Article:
The rule F, gives a linear equation if the terms are multiplied only by a constant. For example, the function Nt+1 – Nt = F – G, is a difference equation representing the traffic patterns on and off a particular highway. In the general form the traffic equation looks like F (t, Nt+1, Nt), where the rule F gives the form Nt+1 – Nt = F – G combined with one initial condition, makes the generated sequence unique. This equation is a linear equation because the terms, Nt and Nt+1, are multiplied only by constants. If the terms are multiplied by one another the equation is nonlinear. If F (n, an+1, an) takes the form of an­2 + an+1 = an, then it is nonlinear because an is a term and is multiplied by itself. The factors that make a difference equation nonlinear are powers, products, roots, or functions. Here is a difference equation that is nonlinear by all these factors: F (n, an+3, an+2, an+1, an) with the rule, Ö(an+3) * an+2! + tan (an+1) = an5 (Moorefield).

The graph of a linear difference equation is not necessarily a line. For example, some graphs have been known to be parabolas.  Stephens worked on nonlinear difference equations for his doctoral dissertation.  One can tell that these equations are nonlinear because their forms contain aspects of nonlinear equations mentioned above.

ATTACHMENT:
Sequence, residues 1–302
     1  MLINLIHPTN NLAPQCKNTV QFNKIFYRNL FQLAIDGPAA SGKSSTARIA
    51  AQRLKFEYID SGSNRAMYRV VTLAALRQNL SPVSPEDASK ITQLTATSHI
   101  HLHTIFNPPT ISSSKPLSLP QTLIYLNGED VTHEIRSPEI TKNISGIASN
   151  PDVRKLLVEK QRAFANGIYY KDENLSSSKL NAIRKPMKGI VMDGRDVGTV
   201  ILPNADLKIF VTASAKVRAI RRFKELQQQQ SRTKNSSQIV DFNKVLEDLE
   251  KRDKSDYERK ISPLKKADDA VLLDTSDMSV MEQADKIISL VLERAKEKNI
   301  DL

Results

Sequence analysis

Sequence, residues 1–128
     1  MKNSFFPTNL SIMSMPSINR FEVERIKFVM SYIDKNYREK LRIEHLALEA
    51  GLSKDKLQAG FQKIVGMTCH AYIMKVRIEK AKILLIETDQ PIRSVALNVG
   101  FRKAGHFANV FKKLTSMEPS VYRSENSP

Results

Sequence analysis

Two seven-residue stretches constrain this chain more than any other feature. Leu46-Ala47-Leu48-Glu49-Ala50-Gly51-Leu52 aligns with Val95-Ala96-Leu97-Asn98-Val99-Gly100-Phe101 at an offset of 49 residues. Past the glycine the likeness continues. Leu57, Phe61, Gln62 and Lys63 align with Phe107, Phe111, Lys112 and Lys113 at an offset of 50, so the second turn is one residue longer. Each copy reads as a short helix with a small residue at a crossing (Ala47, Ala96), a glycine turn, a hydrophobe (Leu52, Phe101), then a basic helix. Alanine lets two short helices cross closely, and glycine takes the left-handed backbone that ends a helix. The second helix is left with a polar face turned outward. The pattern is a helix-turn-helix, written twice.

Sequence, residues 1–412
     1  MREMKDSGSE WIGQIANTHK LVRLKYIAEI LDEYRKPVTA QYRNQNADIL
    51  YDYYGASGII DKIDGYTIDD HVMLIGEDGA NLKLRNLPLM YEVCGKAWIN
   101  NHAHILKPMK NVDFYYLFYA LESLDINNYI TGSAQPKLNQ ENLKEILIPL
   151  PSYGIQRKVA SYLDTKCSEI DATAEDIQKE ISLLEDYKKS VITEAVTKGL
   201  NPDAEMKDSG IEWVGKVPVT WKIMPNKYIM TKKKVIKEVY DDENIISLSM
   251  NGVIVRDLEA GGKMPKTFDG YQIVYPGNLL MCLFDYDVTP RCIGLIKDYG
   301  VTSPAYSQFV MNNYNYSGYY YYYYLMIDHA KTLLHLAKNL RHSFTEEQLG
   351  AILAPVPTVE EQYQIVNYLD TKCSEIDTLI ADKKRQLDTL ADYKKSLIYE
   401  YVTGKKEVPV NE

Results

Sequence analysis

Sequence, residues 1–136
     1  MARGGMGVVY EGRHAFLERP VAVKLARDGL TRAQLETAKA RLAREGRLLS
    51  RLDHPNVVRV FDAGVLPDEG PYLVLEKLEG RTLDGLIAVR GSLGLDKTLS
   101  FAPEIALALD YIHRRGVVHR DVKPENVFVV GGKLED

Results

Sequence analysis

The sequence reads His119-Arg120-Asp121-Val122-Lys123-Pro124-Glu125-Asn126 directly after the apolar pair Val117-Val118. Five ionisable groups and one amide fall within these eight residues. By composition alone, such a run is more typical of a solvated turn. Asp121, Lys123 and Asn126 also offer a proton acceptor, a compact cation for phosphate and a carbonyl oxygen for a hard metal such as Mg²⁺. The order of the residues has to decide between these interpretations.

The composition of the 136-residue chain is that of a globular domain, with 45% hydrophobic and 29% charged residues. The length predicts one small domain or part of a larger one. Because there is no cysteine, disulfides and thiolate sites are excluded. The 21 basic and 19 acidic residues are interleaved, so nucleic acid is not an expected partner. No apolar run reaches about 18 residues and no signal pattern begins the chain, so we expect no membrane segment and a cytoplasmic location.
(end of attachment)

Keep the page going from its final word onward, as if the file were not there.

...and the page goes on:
An initial model of a nonlinear difference equation can be formed by using the potential spread of a rumor throughout a specific population.  To do this, one would need algebraic representations of time (n which represents one more than the actual number of time intervals passed), the number of people who know the rumor after n-1 time intervals (an), and the number of people who do not know the rumor.  One will obtain this representation by taking the total population (P) and subtracting the number of people who do not know the rumor (an).  The result is P – an equaling the number of people who do not know the rumor. 

            Based on this information, one can build the difference equation an = an-1 + c * an-1 * (P - an-1), where a1 = b.  Our values that remain constant are c, which is the constant of proportionality that governs the rate at which the rumor actually spreads, P, the population size, and b, which is the number of people who start the rumor.  This leaves an and n to be the variables.  Because the an-1 terms are multiplied together, the resulting degree of this difference equation will be two, thus making it nonlinear.

            Since the difference equation that is formed has three parameters, c, P, and b, it is necessary to estimate the values of these constants.  The values chosen in the book by Bauldry on page 27 imply that the population size should be 1.00 because a large population size is unlikely to affect the way a rumor spreads.  The initial value of b is taken to be seven percent of the population, and c is taken to be 0.05, which assumes the number of people who learn the rumor equals approximately five percent of the interaction between people who know and people who are unaware of the rumor (Bauldry, p. 27). 

            Substituting the indicated values for the appropriate parameters forms the new difference equation which is of the form an = an-1 + 0.05 * an-1 (1 - an-1).  The graph of this difference equation looks like the following: